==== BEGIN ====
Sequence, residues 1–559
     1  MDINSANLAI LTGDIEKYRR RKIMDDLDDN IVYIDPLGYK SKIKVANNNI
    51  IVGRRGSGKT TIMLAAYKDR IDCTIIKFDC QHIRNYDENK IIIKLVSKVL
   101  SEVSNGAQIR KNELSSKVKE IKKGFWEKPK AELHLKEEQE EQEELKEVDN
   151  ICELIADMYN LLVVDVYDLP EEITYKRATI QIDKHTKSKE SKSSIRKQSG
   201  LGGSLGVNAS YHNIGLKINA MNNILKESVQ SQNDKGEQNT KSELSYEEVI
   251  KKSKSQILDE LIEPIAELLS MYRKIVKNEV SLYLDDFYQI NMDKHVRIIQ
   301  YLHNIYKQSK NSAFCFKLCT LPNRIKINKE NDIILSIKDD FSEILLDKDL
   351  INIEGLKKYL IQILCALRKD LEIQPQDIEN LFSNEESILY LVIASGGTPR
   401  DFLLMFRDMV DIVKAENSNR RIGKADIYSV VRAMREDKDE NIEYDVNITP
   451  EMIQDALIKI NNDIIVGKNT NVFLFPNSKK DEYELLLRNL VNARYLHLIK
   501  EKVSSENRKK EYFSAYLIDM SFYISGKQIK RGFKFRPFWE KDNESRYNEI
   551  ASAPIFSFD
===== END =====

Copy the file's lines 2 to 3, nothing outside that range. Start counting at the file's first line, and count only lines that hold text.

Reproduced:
     1  MDINSANLAI LTGDIEKYRR RKIMDDLDDN IVYIDPLGYK SKIKVANNNI
    51  IVGRRGSGKT TIMLAAYKDR IDCTIIKFDC QHIRNYDENK IIIKLVSKVL